Updated: 6 days ago
The Cambridge Dictionary defines lonely as “unhappy because you’re not with other people”.
While that can be true, we’ve all experienced feeling alone while surrounded by people, for instance at school, college, university, hospital etc.
I’ve heard people describe feeling lonely while in a relationship.
I know of people who are often busy socialising with groups of friends who describe themselves as lonely.
Loneliness is more about a lack of connection with others which means you can be with a group of friends or family but have still a sense that you’re an outsider.
This sense of loneliness is often as a result of feeling unequal in some way to the people you’re with - a sense of being less worthy than them and we tell ourselves it’s because we’re too fat, too thin, too ugly, too tall, too short, not clever enough, too boring and so on.
If we feel less worthy or not as good as other people we’ll lack the confidence to form strong connections and relationships and can sometimes end up in relationships with people who exploit our vulnerability and make us feel even more unworthy and lonely.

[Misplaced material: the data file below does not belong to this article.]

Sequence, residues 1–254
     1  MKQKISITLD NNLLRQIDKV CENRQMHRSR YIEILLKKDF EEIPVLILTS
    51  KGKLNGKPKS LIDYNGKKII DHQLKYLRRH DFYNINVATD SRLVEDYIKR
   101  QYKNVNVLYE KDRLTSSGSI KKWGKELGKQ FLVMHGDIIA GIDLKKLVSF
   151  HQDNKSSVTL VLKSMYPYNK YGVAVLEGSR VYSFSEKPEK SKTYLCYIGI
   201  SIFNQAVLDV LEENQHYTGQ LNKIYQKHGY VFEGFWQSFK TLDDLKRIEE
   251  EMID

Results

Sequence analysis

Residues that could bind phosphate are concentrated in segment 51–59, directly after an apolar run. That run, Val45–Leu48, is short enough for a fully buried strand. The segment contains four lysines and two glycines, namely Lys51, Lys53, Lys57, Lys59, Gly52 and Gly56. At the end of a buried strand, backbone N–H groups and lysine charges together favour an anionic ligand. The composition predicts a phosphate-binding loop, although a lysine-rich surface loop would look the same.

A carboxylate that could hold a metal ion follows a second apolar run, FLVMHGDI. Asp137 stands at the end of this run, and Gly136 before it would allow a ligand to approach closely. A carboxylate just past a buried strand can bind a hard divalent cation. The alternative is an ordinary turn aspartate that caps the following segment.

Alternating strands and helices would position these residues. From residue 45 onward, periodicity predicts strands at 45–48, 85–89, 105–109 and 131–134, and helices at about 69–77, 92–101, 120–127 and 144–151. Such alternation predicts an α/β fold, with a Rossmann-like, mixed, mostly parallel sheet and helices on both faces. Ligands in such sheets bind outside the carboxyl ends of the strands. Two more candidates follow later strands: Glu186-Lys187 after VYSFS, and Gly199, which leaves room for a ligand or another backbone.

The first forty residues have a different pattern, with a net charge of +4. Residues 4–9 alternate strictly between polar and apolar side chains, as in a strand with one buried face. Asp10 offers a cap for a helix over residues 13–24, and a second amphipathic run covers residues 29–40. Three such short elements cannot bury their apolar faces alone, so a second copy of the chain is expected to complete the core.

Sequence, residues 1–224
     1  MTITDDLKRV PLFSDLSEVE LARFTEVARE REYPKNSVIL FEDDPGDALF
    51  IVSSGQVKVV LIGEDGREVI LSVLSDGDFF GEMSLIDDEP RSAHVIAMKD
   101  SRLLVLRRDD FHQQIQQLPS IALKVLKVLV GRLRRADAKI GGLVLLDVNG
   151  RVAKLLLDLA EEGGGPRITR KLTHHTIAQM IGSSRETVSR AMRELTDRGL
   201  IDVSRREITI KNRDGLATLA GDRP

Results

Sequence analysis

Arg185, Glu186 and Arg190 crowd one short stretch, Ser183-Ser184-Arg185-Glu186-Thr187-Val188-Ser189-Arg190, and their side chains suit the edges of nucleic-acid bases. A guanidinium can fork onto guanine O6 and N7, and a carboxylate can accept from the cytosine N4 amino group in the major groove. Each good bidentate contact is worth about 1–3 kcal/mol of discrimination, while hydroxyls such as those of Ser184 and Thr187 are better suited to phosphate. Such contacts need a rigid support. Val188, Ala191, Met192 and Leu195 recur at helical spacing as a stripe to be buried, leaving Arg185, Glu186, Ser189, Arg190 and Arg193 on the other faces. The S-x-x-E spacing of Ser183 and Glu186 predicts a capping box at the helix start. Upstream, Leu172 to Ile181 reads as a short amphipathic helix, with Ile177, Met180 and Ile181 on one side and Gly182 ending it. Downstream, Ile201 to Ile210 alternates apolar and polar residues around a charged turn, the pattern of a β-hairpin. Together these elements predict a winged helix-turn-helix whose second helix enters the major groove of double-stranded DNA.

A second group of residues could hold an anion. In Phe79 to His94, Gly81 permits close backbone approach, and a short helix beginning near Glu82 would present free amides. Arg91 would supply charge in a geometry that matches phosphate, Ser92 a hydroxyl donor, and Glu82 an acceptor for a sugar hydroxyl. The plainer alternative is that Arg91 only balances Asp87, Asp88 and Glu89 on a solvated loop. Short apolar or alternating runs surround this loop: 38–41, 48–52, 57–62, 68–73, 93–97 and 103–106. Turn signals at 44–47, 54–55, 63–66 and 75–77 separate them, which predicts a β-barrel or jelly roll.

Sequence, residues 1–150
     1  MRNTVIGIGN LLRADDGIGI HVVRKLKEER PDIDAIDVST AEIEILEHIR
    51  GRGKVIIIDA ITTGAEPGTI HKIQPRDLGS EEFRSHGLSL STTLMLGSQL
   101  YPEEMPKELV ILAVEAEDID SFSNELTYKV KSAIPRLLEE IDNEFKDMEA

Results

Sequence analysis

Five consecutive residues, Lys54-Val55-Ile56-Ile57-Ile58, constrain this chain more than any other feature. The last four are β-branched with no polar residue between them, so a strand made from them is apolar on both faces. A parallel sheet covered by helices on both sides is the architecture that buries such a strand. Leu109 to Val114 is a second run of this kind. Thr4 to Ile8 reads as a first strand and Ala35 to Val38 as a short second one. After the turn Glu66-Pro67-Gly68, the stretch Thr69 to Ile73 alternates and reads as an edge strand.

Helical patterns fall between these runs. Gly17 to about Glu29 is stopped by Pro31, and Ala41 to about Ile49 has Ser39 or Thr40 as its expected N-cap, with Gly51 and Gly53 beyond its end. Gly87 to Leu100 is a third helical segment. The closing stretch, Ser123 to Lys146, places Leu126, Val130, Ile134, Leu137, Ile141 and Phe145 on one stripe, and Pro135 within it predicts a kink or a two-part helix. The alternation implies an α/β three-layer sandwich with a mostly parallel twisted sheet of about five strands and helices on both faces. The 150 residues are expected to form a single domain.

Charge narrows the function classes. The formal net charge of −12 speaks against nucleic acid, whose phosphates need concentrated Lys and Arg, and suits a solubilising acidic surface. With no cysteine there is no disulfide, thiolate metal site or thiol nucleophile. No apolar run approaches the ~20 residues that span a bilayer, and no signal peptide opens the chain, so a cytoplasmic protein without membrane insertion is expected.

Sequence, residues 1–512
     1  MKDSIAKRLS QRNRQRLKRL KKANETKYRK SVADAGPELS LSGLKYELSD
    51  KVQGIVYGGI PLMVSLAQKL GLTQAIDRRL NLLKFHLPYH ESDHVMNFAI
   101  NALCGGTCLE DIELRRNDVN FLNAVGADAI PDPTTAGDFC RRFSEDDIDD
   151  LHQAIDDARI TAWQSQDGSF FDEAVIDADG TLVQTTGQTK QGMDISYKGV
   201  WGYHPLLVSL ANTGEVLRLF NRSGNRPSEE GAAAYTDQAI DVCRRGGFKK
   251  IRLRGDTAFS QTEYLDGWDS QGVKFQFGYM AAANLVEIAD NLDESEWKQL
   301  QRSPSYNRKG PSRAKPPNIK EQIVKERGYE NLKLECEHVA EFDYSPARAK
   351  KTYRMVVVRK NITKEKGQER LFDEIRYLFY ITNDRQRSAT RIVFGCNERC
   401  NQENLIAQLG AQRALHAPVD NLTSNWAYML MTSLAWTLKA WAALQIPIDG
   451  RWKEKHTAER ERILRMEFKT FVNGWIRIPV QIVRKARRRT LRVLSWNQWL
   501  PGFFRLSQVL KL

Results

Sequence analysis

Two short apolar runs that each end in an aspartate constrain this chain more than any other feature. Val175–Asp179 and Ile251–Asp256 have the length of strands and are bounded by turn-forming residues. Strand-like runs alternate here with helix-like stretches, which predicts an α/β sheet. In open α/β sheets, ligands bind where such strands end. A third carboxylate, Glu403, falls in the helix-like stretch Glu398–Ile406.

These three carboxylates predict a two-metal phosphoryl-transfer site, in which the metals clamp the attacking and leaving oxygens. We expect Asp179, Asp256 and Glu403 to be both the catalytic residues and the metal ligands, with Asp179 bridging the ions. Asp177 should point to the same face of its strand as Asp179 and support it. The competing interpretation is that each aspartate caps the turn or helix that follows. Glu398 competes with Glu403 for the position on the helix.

The beliefs that we have about ourselves are often formed from past experiences.
If we were treated unfairly, bullied, belittled by teachers, parents or siblings or have been dumped by someone we loved we're likely to form the beliefs that we're not as good as other people, or don’t deserve to be liked, loved or cared for and these beliefs can stick with us through life.
When we've experienced unkind treatment by others it feels physically and emotionally extremely painful and we experience suffering in the form of embarrassment, humiliation, shame, anger, sadness and fear.